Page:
New Benedictine Partnership to Strengthen Diocesan Schools

The Benedictine mission of community, faith and scholarship transformed culture in Europe at the dawn of Western Civilization and Benedictine College in Atchison, Kansas, believes it can do the same in America today. To Transform Culture in America, Benedictine College plans to Form its students deeply in the mission, Advance its mission through alumni in every walk of life, and Extend its mission regionally and nationally.

On the first day of Catholic Schools Week in the Kansas City-St. Joseph Diocese, Bishop James Johnston along with local Catholic school leaders announced a plan to revitalize Catholic education in St. Joseph, Mo., and surrounding areas.

Central to the plan: a partnership with Benedictine College in Atchison, Kansas.

Benedictine will provide student-teachers to schools and create a summer institute where teachers from schools nationwide can spend time at the campus in fellowship, with the college providing spiritual direction and professional development — community, faith and scholarship.

President Stephen D. Minnis was on hand for the announcement, which took place Bishop LeBlond High School in St. Joseph, Mo., the school Minnis attended.

“As the President of Benedictine College and a product of St. Joseph Catholic Schools,” Minnis said, “I am proud and excited about forming a partnership between Benedictine College and the St. Joseph Catholic Schools.”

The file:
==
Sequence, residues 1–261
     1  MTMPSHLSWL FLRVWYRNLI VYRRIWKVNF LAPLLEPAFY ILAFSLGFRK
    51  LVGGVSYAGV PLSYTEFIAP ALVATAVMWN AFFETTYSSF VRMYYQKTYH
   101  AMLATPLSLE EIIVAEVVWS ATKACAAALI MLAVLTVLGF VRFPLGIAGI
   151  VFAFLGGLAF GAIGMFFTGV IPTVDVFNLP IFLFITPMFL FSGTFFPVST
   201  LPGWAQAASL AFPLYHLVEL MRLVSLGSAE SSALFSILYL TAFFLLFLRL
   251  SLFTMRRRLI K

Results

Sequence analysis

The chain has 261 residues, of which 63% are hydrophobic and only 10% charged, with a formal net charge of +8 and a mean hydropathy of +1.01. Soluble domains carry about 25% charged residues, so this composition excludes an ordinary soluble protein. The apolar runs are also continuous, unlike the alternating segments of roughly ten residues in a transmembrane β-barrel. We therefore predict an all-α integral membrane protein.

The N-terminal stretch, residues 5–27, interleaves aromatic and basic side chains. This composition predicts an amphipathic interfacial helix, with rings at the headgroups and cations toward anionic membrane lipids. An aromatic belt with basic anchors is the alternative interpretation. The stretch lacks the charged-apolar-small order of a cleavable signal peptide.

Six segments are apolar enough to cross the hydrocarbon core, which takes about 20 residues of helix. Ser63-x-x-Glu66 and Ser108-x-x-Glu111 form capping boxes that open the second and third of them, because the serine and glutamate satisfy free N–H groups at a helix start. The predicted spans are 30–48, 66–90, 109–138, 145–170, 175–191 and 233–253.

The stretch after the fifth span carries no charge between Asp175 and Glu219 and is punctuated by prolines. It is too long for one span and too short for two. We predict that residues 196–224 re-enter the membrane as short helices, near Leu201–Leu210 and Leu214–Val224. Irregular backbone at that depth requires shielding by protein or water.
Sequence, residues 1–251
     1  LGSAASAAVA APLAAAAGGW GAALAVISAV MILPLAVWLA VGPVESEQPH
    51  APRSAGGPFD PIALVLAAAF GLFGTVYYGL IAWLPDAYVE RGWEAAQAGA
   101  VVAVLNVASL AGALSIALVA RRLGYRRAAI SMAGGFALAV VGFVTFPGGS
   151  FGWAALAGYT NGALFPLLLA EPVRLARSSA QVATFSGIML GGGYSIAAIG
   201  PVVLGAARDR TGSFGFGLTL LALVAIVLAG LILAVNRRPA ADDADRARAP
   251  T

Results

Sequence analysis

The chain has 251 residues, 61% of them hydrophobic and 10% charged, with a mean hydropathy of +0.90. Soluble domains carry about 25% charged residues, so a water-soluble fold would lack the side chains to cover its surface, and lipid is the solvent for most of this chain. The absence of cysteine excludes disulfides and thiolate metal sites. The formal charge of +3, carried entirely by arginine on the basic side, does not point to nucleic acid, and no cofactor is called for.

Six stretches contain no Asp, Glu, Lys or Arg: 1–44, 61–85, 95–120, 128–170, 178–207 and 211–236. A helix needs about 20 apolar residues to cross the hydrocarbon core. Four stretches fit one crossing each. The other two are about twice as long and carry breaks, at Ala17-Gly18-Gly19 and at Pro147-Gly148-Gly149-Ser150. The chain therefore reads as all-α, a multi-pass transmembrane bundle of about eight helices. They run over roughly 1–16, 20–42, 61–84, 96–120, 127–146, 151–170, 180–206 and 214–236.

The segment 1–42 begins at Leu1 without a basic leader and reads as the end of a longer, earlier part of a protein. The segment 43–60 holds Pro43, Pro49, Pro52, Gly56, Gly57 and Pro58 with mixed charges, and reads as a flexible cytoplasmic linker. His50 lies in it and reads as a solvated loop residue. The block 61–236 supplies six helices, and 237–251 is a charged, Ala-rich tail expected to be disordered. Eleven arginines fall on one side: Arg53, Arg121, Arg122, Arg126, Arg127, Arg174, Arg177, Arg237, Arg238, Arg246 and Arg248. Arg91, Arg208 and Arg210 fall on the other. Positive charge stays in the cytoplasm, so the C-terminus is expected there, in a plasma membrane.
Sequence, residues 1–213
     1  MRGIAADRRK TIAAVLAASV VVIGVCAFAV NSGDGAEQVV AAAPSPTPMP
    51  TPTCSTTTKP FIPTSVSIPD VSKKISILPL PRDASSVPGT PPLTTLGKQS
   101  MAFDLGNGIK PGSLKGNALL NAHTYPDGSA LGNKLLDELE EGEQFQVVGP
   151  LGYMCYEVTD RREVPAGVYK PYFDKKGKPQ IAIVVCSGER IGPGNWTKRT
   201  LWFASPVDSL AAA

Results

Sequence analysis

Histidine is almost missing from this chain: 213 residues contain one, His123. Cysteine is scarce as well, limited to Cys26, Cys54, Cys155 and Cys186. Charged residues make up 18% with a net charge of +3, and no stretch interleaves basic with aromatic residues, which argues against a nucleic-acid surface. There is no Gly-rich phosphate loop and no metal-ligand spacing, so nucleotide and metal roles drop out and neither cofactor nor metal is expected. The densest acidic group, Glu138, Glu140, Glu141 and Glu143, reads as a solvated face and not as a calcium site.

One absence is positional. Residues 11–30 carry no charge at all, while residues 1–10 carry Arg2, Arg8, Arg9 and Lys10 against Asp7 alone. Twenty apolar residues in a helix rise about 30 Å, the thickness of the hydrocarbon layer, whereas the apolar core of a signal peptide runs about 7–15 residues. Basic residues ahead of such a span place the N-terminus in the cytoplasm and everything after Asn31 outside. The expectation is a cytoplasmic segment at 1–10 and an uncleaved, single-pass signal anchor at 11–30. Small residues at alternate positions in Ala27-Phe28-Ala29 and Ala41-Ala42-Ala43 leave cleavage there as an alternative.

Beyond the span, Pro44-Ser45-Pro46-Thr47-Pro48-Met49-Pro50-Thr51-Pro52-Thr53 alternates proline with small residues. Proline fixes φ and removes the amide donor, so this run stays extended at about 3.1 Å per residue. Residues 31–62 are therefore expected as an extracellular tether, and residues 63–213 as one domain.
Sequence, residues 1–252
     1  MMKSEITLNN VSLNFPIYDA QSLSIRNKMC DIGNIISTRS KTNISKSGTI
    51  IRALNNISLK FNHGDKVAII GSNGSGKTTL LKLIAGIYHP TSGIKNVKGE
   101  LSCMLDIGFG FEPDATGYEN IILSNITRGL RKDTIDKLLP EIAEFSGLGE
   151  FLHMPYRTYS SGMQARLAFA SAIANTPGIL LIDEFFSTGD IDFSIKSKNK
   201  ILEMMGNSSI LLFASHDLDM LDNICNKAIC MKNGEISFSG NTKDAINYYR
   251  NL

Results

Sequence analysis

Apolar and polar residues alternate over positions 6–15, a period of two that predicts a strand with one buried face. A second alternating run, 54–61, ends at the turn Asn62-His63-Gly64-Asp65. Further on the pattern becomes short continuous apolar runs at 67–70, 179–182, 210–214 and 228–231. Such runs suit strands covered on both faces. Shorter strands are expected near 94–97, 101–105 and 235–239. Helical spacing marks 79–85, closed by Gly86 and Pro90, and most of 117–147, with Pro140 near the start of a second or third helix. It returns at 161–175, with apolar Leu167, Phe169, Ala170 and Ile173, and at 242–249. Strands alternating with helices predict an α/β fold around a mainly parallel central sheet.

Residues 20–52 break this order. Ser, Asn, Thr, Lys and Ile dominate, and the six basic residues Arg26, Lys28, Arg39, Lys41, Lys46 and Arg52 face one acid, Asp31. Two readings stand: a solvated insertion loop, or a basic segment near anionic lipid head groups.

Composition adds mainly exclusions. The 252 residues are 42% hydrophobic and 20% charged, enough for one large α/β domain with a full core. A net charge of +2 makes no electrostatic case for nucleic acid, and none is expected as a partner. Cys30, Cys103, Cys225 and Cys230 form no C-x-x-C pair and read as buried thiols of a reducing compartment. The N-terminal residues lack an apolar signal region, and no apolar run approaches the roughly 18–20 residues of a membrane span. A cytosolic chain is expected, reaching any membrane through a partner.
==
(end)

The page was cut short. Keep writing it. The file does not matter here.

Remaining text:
He said Benedictine education had shaped the area. “Since the arrival of Benedictine monks to the bluffs overlooking the Missouri River in 1857, the mission of education has been central to the identity of our community,” he said. “First schooling for the sons of German settlers to this territory, and now to college students from across the country.”

Dr. Matthew Ramsey, chair of the education department, said the college’s graduate degree program for Catholic school principals is sought out by school leaders nationwide.

“We’re excited to formalize a relationship that we have long had with the Catholic schools in St. Joseph,” said Ramsey. “It provides positions for our students and we provide support and mentorship for principals and future principals.”

Bishop Johnston told KQ2 television that with “a strengthened partnership with Benedictine College, I believe the St. Joseph Catholic schools are on a solid path to growth and revitalization.”

Benedictine College School of Education has had agreements with pre-K–12 schools for the placement and supervision of student teachers and administrative interns for many years. Informal discussions of an expanded partnership revealed that much more could be done.

The plan will:

  • Improve classroom environment
  • Increase academic performance and
  • Strengthen school leadership.

President Minnis called the plan a “win-win” for all catholic educational institutions in the area.

“When the St. Joseph Catholic Schools Partnership came to us and said, ‘hey, can we have an additional partnership with the St. Joseph Catholic schools?’ Benedictine College was very excited about that,” said President Minnis. “We have one of the top education programs in the country, especially at Catholic schools, so this was just a perfect partnership for us.”

Editorial Staff

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